Egypt’s Jewish Community Council unanimously chose a new leader on Monday, Magda
Haroun, amidst the mourning over the passing of the community’s former head,
Carmen Weinstein, whose funeral will take place on Thursday, according to the
Bassatine website for the Egyptian- Jewish community.
Haroun expects to
be the dwindling Jewish community’s last leader, she told Egyptian Al-Ahram on
“We will live in Egypt forever,” Haroun said.
to the Bassatine website, Weinstein said there are around 50 members of the
community, but she thinks it is actually higher since some have assimilated,
marrying Christians or Muslims, and others are not religious and stay away from
Jewish communal life.
Haroun said that if she is unable to find the
necessary funding to maintain the community's synagogues, she would turn to
UNESCO. Haroun also “refused talk of any aid from Israel.”
interview with the AP on Wednesday, Haroun said she considers herself Egyptian
first and then Jewish.
It is not clear if Haroun is merely protecting
herself and her community by disassociating herself from Israel, or whether she
really believes Egyptian-Jews should not be involved with the Jewish
Haroun’s views seem to flow from those of her father, Chehata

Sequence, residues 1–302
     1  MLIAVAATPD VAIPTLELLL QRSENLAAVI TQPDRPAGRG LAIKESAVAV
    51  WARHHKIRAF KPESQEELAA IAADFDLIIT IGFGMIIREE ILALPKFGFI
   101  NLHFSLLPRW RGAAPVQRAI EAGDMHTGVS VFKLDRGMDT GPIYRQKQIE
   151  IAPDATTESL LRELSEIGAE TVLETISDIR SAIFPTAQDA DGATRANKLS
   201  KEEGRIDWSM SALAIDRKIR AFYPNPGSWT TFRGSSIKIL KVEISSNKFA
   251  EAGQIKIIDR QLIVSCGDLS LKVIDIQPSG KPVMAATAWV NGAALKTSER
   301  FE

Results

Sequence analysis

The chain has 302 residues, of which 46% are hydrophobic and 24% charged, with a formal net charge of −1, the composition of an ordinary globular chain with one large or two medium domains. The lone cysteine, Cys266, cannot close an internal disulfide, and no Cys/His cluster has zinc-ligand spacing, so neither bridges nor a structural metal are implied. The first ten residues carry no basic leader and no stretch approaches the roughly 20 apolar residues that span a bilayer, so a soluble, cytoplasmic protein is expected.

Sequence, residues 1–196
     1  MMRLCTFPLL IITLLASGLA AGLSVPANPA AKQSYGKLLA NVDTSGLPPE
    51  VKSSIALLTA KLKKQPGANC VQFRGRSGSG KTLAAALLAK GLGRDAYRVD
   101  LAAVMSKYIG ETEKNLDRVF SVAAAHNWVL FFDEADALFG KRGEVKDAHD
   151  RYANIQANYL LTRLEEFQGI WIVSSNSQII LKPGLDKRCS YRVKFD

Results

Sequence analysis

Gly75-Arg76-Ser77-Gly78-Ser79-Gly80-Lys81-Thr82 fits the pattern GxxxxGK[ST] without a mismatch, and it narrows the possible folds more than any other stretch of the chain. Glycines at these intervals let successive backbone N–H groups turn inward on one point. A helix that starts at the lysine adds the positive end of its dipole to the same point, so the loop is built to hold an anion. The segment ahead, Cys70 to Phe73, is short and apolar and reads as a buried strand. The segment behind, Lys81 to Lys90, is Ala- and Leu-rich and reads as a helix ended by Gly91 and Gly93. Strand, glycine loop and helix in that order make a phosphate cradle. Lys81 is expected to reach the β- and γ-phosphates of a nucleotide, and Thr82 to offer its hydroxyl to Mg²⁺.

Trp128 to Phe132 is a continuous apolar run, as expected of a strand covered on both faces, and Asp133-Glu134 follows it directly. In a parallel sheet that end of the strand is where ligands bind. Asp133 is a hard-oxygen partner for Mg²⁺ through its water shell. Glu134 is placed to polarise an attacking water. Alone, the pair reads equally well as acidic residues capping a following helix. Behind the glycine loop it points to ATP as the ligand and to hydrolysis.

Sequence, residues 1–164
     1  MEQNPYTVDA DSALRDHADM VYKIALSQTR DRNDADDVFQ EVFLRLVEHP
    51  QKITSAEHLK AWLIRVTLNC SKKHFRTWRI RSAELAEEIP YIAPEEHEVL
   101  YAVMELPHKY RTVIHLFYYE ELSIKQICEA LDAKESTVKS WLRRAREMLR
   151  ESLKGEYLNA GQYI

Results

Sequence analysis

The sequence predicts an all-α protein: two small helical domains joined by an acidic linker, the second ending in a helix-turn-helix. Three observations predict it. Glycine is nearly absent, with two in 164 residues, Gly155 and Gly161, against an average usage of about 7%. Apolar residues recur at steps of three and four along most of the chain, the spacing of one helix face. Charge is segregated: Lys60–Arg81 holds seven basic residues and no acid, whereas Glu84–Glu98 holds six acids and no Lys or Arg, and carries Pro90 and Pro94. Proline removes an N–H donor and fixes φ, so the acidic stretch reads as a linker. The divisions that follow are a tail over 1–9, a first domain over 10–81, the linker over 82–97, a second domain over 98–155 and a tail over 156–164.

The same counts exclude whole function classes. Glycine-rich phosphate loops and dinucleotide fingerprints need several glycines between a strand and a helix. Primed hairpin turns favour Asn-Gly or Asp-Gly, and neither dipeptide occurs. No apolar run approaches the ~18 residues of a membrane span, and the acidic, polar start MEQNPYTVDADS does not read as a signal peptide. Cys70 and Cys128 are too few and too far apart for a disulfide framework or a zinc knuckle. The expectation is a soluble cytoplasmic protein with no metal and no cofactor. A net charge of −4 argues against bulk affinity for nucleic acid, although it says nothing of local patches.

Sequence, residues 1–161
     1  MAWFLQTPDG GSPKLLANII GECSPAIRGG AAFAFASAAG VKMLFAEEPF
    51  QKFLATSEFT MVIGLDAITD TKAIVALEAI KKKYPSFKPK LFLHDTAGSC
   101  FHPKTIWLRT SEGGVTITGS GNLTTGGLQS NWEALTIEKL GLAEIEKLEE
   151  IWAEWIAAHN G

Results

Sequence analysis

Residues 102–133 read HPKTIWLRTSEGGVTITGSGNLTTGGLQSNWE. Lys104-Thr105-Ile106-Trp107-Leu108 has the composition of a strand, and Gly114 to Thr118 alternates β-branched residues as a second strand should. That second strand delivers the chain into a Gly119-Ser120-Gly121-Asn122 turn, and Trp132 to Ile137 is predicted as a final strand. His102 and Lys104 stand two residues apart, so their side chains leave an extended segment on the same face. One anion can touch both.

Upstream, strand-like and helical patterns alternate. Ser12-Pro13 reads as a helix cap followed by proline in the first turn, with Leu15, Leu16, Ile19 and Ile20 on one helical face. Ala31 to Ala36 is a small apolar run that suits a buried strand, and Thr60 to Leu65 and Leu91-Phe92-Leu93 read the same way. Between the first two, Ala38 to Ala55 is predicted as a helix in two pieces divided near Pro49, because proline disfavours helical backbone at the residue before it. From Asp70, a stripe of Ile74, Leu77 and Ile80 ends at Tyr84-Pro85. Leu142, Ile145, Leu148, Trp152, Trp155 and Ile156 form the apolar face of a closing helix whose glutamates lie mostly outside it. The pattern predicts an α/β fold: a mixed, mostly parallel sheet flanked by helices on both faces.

Haroun, who died in 2001 and was one of the founders of the Egyptian Communist
Party in the 1940s. He was also one of the founders of the socialist National
Progressive Unionist Party, also known as the Tagamu Party, in 1977, according
to his obituary published in 2001 by Al-Ahram Weekly
and linked to on the
“When my schoolmates used to distress me with their
comments on my Jewish origin, I would go crying to my father,” Haroun said in
the obituary. “He would remind me that Palestinians in Israeli schools face the
same situation and tell me that their life was not any easier.”
states that her father taught her to be both a proud Jew and
Haroun also recounts in the article an incident in 1967 when
her father was arrested by the authorities: “Only a few days before his arrest,
my father was talking about joining the army to fight in the war against Israel.
So when police came and took him away [because of his religion], I thought that
he was going to the army, and I wanted to go with him. When I learned why
he had been arrested, I was so angry. It was only his strong love of Egypt that
enabled him to overcome these situations. He never thought of leaving Egypt and
raised us by the same principles.”
Haroun was born in Alexandria in 1952
and attended high school at the Lycee Francais School in Bab El Louk, Cairo
before graduating from Cairo University’s School of Applied Arts. She is
fluent in Arabic, English, and French.
She joined her sister Nadia Haroun
at the firm Haroun & Haroun dealing with patents and legal affairs,
according to the Bassatine website.
The Jerusalem Post tried to reach
Haroun for this article and was told by her sister Nadia that she would only be
able to speak next week after the funeral. She declined to comment regarding
Haroun’s interview in Al-Ahram